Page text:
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Bravo
09-05-2008, 12:47 AM
two weeks ago, palin's pastor introduced a guy who described terrorist attacks on Israelis as God's "judgment of unbelief" of Jews who haven't embraced Christianity.


"Judgment is very real and we see it played out on the pages of the newspapers and on the television. It's very real. When [Brickner's son] was in Jerusalem he was there to witness some of that judgment, some of that conflict, when a Palestinian from East Jerusalem took a bulldozer and went plowing through a score of cars, killing numbers of people. Judgment — you can't miss it."

Palin was in church that day, Kroon said, though he cautioned against attributing Brickner’s views to her.

http://www.politico.com/news/stories/0908/13098.html

Pastor Kalnins has also preached that critics of President Bush will be banished to hell; questioned whether people who voted for Sen. John Kerry in 2004 would be accepted to heaven; charged that the 9/11 terrorist attacks and war in Iraq were part of a war "contending for your faith;" and said that Jesus "operated from that position of war mode."

It is impossible to determine how much Wasilla Assembly of God has shaped Palin's thinking. She was baptized there at the age of 12 and attended the church for most of her adult life. When Palin was inaugurated as governor, the founding pastor of the church delivered the invocation. In 2002, Palin moved her family to a nondenominational church, but she continues to worship at a related Assembly of God church in Juneau.

http://www.huffingtonpost.com/2008/09/02/palins-church-may-have-sh_n_123205.html

yet another end times believer in mccain's camp.

someone give him some weed to calm him down.

Shadow_Ferret
09-05-2008, 12:48 AM
Didn't we already go through all this nonsense with Obama? Do we have to go through it again with Palin?

Bravo
09-05-2008, 12:49 AM
yes.

Sheryl Nantus
09-05-2008, 12:50 AM
dang... and I had just taken you off my "ignore" list...

:D

StoryG27
09-05-2008, 12:50 AM
Didn't we already go through all this nonsense with Obama? Do we have to go through it again with Palin?
Exactly, do we now have to drag up everything all over again? I, a republican, thought that was ridiculous for people to do to Obama. It is no less ridiculous now.

Robert Toy
09-05-2008, 12:51 AM
yes.
In that case, burn the bitch at the stake!

Shadow_Ferret
09-05-2008, 12:52 AM
yes.
Well, have fun. I think I have to go clean the grout in my bathroom.

Bravo
09-05-2008, 12:53 AM
dang... and I had just taken you off my "ignore" list...

:D

ahh good ol' sheryl, right on time with the trolling. why did you take me off ignore?

but before you put me back on, perhaps you can tell us why you're posting in this thread after you said:

frankly, and I've said this before, I'm in favor of dumping the entire sub-forum.

this is a WRITING board.

go elsewhere to talk politics.

:(

then lock the entire darned thing away under a password and let those of us who want to WRITE come here and see WRITING topics instead of a slew of new posts on politics.

make it like SYW - you guys want to brawl, do it without the rest of us seeing it scroll across the screen.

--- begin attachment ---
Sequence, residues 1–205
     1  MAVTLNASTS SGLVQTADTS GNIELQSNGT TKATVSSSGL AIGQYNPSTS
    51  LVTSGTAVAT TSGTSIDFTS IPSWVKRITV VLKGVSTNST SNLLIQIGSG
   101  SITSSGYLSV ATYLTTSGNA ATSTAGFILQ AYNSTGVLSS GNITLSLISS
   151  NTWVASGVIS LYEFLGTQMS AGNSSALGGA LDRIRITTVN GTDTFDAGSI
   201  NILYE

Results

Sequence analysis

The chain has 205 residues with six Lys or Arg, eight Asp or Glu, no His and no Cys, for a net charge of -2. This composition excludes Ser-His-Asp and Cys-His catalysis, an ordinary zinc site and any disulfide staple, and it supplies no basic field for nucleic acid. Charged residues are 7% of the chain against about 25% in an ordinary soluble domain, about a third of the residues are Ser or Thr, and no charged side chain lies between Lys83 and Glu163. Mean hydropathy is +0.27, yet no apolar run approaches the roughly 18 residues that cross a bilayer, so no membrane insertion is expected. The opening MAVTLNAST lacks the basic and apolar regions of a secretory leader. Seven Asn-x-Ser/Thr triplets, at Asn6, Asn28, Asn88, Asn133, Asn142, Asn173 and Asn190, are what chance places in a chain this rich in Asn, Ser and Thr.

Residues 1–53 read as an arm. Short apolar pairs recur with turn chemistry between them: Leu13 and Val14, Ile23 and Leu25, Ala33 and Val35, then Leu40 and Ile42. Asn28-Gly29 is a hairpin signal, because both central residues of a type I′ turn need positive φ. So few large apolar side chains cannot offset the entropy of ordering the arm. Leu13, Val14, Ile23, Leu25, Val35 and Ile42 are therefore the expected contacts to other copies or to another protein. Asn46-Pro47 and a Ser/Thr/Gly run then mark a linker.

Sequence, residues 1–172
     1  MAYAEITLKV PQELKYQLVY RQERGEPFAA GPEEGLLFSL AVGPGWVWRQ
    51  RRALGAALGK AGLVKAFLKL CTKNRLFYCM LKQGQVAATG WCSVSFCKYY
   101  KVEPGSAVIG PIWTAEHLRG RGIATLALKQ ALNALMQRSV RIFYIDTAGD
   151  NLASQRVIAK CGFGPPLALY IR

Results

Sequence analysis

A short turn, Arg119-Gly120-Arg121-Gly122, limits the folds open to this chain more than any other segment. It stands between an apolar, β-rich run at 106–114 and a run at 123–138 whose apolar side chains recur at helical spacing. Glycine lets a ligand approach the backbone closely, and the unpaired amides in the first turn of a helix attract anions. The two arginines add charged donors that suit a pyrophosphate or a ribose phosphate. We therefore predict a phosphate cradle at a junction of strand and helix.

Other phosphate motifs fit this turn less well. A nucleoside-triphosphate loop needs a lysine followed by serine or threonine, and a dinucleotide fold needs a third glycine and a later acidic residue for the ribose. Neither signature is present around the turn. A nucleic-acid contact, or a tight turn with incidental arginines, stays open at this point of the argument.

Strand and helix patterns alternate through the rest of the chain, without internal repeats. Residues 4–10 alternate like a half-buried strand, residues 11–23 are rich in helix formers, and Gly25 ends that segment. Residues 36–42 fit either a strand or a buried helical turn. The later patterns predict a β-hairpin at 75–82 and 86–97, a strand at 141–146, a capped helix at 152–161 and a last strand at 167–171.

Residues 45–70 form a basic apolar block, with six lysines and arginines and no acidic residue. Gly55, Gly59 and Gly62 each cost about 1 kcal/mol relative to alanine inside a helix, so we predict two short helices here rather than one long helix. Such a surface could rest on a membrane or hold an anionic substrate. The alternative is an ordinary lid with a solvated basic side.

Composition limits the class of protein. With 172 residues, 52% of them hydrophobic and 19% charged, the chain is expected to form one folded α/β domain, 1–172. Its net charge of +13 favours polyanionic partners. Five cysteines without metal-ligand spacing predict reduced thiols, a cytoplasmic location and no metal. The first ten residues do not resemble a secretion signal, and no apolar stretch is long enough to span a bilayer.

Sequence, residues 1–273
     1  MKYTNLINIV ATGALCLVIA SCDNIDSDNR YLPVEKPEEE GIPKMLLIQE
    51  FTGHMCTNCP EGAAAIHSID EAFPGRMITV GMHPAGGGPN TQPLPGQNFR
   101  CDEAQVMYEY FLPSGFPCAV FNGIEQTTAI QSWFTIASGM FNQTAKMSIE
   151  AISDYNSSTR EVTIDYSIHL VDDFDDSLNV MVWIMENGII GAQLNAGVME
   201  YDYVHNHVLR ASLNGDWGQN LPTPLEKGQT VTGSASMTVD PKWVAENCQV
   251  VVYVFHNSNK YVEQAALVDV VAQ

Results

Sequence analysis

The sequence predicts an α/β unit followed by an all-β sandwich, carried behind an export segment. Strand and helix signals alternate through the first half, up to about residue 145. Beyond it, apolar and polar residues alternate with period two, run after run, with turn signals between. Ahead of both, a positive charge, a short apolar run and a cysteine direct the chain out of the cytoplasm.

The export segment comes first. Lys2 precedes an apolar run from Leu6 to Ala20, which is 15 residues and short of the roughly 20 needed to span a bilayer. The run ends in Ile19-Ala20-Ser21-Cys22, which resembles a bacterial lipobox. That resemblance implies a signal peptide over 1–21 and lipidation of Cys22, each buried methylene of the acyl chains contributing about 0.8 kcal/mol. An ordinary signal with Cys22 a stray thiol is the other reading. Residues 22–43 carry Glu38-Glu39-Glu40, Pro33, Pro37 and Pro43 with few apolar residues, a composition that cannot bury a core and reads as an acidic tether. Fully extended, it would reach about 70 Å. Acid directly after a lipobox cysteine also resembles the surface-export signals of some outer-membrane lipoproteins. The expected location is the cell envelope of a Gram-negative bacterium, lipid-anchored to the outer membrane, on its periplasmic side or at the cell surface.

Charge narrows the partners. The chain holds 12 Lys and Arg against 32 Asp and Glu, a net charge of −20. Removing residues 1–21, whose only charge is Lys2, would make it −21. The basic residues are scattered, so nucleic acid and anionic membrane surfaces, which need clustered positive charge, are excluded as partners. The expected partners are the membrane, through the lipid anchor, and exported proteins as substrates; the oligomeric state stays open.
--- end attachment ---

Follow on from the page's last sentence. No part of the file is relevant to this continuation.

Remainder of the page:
pop quiz sheryl, how many posts have you made in P&CE after these statements?

how many posts have you made here before you said this?

oh and for the kicker, how many of those posts have been dedicated to trolling me?

go do a search and find out...

eta:

i just realized:

frankly, and I've said this before, I'm in favor of dumping the entire sub-forum.

you've said this before, and yet....

you still continued posting?

WTF??

does a little voice compel you to post your drivel here?

seriously, sheryl this isn't healthy. doing something that you hate yourself for, just isnt good for you.

cethklein
09-05-2008, 12:55 AM
Exactly, do we now have to drag up everything all over again? I, a republican, thought that was ridiculous for people to do to Obama. It is no less ridiculous now.

Agreed. Although I can't help but be entertained at the irony here. I'd hate to see Palin get grilled over this but I will definitely say something if anyone who knocked Obama and Wright complain here.

Bravo
09-05-2008, 12:56 AM
look, you dont have to participate in the thread if you find it distasteful or offensive or whatever.

the point is that republican's attacked obama for having a pastor who said controversial things, and mccain joined in on that (http://www.huffingtonpost.com/2008/04/28/obamas-pastor-jeremiah-wr_n_98922.html).

furthermore, he has a history of surrounding himself with people who believe that armaggeddon is around the corner and that jesus/god wants war, which should be frightening to anyone and everyone.

StoryG27
09-05-2008, 01:01 AM
look, you dont have to participate in the thread if you find it distasteful or offensive or whatever.

the point is that republican's attacked obama for having a pastor who said controversial things, and mccain joined in on that.

furthermore, he has a history of surrounding himself with people who believe that armaggeddon is around the corner and that jesus/god wants war, which should be frightening to anyone and everyone.
Yes, and here's the two wrongs make a right in action.
I'm sure you're ready then to defend again Obama and his associations, otherwise, I guess you wouldn't bring it up because you know without a doubt where this is headed.